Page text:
Tropical dry forests occupy altitudes between 200 and 1,000 meters above sea level. This ecoregion is characterized by average annual temperatures between 20°C and 29°C, average annual precipitation between 60 and 1,600 millimeters, and a dry season that ranges from five to eight months. Its soils are weakly developed from calcareous, metamorphic rocks, and volcanic rocks. The depth and textures of tropical dry forests vary all depending on the nature of underlying bedrock and steep relief occurs over 75 percent of the region. 

What makes this ecoregion so valuable is that it is typically rich in flora and fauna, many of which are endemic and threatened. Fiji's tropical dry forests are home to so many species that can only be found in these remote areas of Fiji. The biggest threat to tropical dry forests and its rich flora and fauna species is deforestation as a result of conversion to agricultural land, burning, clear cutting, overgrazing from introduced cattle and goats, and the introduction of destructive and invasive species. Conservation efforts are extremely important for regions like Fiji's tropical dry forests because for many of its endemic species, once they are gone from these areas, they can never be replaced. 

Extent of Fiji Tropical Dry Forest Region on Viti Levu and Vanua Levu

Life zones are geographic region or area defined by its characteristic life forms. Red areas are the life zone of dry forests in Fiji based on annual precipitation and seasonality.
Vanua Levu (top right) & Viti Levu (bottom left). Courtesy of
View of the ancient geologic platform that Fiji sits on. Courtesy of Google Maps


Due to the influence of the surrounding ocean, Fiji has a maritime climate characterized by: mild temperature variations, light to moderate winds, and highly variable rainfall.


There are only slight variations in daily and seasonal temperatures, with a change of only 2 to 4 °C between the coolest months (July and August) and the warmest months (January to February). While temperatures tend to be uniform at lower elevations, they can differ in the mountainous regions, with day-time temperatures on the leeward side rising by 1 to 2 °C above those on the windward side. This results in cloudy and humid weather in high interior regions of the island. Average night-time temperature can be as low as 18 °C, while day-time temperatures can be as high as 32 °C.                                         


Prevailing south-east trade winds and island topography have the greatest influence on the rainfall in Fiji. Since the south-east trade winds are high in moisture, they create wet climatic zones on the windward sides of the mountains of Viti Levu and Vanua Levu. This orographic precipitation also creates dry climatic zones on the leeward sides of the mountains, resulting in pronounced wet and dry zones on the main islands. The wet zones are in the south-eastern parts of the island, while the dry zones lie in the rain shadow in the north-western sides of the island. Since precipitation is controlled primarily by the movements of the South Pacific Convergence zone, Fiji experiences distinct wet and dry seasons. During the wet season from November to April, annual rainfall ranges from 3000mm around the coast to 6000mm on the mountainous sites, whereas the dry zone averages around 2000 mm. March is usually the wettest month and July is the driest.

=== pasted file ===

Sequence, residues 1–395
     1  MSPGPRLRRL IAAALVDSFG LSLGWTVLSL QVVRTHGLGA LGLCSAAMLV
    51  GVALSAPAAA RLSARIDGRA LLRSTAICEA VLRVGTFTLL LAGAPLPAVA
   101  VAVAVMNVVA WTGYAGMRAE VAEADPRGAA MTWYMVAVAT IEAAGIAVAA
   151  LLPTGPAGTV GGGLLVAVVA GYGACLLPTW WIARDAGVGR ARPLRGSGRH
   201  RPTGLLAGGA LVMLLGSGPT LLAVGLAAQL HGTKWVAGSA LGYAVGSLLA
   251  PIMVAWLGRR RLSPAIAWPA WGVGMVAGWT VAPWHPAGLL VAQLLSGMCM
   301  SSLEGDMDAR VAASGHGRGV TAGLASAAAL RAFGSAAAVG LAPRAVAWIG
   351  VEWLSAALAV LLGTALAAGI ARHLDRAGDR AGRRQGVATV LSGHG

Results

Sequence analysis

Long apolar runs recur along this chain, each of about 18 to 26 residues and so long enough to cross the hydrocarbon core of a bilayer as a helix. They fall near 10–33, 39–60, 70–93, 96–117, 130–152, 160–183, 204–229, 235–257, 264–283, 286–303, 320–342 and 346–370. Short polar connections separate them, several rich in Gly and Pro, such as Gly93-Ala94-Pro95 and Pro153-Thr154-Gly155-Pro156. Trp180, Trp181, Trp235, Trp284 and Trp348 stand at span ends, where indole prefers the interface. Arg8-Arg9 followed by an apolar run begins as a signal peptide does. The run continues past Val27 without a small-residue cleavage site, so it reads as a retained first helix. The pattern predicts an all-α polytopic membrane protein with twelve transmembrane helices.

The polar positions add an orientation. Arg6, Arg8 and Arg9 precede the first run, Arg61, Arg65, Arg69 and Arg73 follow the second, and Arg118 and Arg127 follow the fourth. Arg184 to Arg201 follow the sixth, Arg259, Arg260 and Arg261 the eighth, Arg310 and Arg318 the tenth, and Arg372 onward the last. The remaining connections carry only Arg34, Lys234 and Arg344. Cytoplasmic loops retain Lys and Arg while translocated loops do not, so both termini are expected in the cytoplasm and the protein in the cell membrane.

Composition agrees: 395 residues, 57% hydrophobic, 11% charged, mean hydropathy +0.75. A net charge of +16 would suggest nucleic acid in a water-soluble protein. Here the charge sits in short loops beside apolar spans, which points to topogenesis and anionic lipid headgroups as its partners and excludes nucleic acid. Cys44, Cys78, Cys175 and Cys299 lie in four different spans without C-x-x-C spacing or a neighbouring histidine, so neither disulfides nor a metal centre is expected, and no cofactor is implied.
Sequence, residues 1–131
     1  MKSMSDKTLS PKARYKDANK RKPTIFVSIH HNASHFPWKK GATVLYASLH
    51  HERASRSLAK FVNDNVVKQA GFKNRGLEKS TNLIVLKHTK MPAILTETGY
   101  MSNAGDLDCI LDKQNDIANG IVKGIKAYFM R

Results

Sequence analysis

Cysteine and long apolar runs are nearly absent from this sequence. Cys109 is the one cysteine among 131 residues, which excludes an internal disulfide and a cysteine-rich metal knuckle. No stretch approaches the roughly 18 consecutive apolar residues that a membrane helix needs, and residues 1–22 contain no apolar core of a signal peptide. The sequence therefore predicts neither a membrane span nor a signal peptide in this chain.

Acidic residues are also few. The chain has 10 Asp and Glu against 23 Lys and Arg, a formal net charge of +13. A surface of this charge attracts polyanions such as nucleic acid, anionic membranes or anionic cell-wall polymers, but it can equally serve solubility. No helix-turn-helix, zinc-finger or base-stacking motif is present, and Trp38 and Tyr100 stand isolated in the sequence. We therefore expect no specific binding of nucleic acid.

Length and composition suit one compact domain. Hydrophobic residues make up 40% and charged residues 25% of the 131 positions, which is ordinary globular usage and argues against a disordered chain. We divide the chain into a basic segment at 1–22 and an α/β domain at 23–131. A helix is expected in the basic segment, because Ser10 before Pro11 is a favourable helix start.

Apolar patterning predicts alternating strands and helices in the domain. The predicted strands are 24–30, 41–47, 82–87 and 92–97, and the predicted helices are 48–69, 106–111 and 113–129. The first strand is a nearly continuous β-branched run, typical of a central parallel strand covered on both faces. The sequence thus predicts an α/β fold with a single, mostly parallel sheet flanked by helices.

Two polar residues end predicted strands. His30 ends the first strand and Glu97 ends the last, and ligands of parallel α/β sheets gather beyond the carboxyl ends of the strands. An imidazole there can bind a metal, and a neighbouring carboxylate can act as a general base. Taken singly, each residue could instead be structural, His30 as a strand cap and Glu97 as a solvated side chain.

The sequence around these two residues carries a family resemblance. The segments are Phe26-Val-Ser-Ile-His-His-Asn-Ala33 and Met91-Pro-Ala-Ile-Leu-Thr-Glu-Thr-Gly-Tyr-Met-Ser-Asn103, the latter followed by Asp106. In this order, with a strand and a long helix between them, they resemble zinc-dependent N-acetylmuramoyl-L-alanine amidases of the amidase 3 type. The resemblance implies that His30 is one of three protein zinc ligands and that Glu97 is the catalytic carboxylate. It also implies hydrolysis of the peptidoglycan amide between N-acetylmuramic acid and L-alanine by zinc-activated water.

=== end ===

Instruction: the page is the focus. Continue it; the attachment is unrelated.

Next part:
Throughout the year, the predominant winds over Fiji are trade winds from the east to the south-east. While strong winds are uncommon and most likely to occur when trade winds are strongest from June to November, day-time sea breezes blow frequently along the coasts of Viti Levu and Vanua Levu. High winds can also be caused by tropical cyclones that occur during the period of November to April.

Tropical Cyclones, Floods, Droughts

With is location in the South Pacific, Fiji is prone to tropical cyclones which occur with greatest frequency around January and February. The high winds associated with these cyclones can also lead to large-scale flooding via storm tides and heavy swells. Localized flash flooding during the wet season from November to April is also common. Droughts, on the other hand, are dependent on the occurrence of El Ninos. The observed effect of the ENSO in Fiji is below average rainfall that can cause drought in the dry zones of the country.

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Fiji Meterological Service.

UCLA Institute of Environment and Sustainability.